Tag Archive for growing up

The Kids Aren’t All Right: Part 3–Love is a Verb

 

This is My commandment, that you love and unselfishly seek the best for one another, just as I have loved you.  No one has greater love [nor stronger commitment] than to lay down his own life for his friends.  (John 15:12-13 AMP)

 

Our kids’ generation is not immune from the error of past generations trying to pass love off as a feeling.  Love is an action word.  It is the act of sacrificing yourself for the benefit of others.

 

It seems the first thing to go when a child loses his or her innocence is the ability to love.  Not the ability to feel, but the impulse to give sacrificially without thinking about it.  I believe this is because kids in our culture are so habituated in getting that it never occurs to them to give.

 

Remember, a child’s “reality” is limited by his or her perception, just as an adult’s is.  But the less life experience you have, the narrower your perception.  Children don’t instinctively know the difference between perception and reality, so it isn’t ever going to occur to them to test their worldview.

 

Where this becomes problematic is if they think the world revolves around them, they will assume that to be true until they find out otherwise.

 

 

Another stumbling block for kids once they reach their adolescent years is their growing self-reliance.  Growing up is inevitable, and becoming more independent is generally a good thing as one gets older.  However, because kids don’t know what they don’t know, it is very easy for them to get in over their heads when trying to do something themselves.

 

Because they have not yet mastered their pride, it is also not in the nature of most adolescents to ask for help, even whenlife completely overwhelms them.  Sometimes, it seems they gravitate more toward the drama of being in a mess than actually solving their problem.

 

I think this is why it is frequently so difficult for older kids to show love.  1 John 4:19 reminds us that we love because God loved us first.  However, unless you know that, you can’t act on it.  To live out a life of love effectively, you must allow yourself to be controlled by the Spirit of love.

 

Now when was the last time you met a teenager who wanted to be controlled by anybody?  They are just reaching the stage of life when they can finally do things for themselves. Now we’re telling them NOT to think of themselves, but others?  No wonder they get confused, which of course, cranks up the drama even more, which throws them right back into the cycle of attention seeking about their confusion rather than helping them move forward with solutions.

 

Because God is love, if you are showing love, people see God through you.  The sooner we teach our kids how to look outside themselves, the easier it will be for us to help them shape their worldview into a view that actually has some WORLD in it.

 

 

The Kids Aren’t All Right: Part 2–Room to Grow

Grace has been defined as unmerited favor, or getting something that you don’t deserve.

 

One way that we can show grace to others is by simply giving them room to grow.  This holds true for anybody, but especially for kids, since growing is their primary function.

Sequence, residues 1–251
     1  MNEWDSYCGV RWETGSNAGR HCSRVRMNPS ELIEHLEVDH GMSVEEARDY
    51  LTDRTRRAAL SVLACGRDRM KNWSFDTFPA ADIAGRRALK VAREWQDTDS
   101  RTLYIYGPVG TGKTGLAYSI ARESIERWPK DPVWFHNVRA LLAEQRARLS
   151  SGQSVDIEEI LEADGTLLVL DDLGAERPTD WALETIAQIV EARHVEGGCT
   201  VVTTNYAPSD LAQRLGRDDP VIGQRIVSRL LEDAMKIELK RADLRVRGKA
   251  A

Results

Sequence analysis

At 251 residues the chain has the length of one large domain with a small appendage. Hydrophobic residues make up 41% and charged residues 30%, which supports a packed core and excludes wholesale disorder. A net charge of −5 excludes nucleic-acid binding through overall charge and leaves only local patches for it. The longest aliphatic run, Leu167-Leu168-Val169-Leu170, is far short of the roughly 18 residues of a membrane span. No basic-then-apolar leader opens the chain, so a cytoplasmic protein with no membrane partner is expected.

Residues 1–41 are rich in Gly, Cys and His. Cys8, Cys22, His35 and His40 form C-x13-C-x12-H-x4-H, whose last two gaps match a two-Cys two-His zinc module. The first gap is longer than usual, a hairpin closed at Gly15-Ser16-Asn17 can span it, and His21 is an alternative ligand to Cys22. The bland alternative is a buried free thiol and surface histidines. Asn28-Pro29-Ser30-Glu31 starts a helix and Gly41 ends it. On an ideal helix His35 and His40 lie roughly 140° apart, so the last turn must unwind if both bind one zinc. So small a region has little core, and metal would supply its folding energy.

It can be difficult for us as adults and parents to remember that kids are a work in progress.  They aren’t where we are yet.  They lack the life experience to have accumulated the wisdom that we have, and their pre-frontal cortices have not yet fully developed, which renders them inadequate to know what to do with the wisdom that they have acquired.

 

For this reason, I have often surmised that youth is wasted on the young.  Why do they have all the energy with none of the wisdom?  It seems that by the time we figure out what we’re supposed to be doing with our lives, we’re too tired to do it!

 

Of course, we never really stop growing.  Our bodies do, but our minds shouldn’t.  There is always something new to learn, as long as we don’t shut ourselves off from new learning.

 

As a parent, I can testify that a lot of the learning I have done in recent years involves learning to BE a parent, which in a lot of ways, includes re-learning how to be a kid.

 

We forget, don’t we?  We forget what it’s like to learn one thing and then think we know everything.  We forget the days when we used to put paramount importance on what other people thought of us.  We forget that we didn’t realize that the world actually didn’t revolve around us until somebody told us so, and even then, we had to be told more than once.  For that matter, we forget that we had to be told pretty much everything more than once.

 

Most of all, we forget all too easily how much we depended upon the approval of our parents.

 

 

So teach your children gently.  Just because they may act as if they know it all, you can’t assume that they know anything you haven’t told them.  Or that you’ve told them only one time.  Or that you’ve told them multiple times if there was anything in the room with a video screen on it.

 

And please practice giving your kids room to grow.  They’re not going to get things right every time.  However, if you don’t encourage them by letting them know that your love isn’t conditional upon their performance, then they’ll just stop trying.  Mistakes are learning opportunities for them and teaching opportunities for you.

 

And when you teach, you also learn.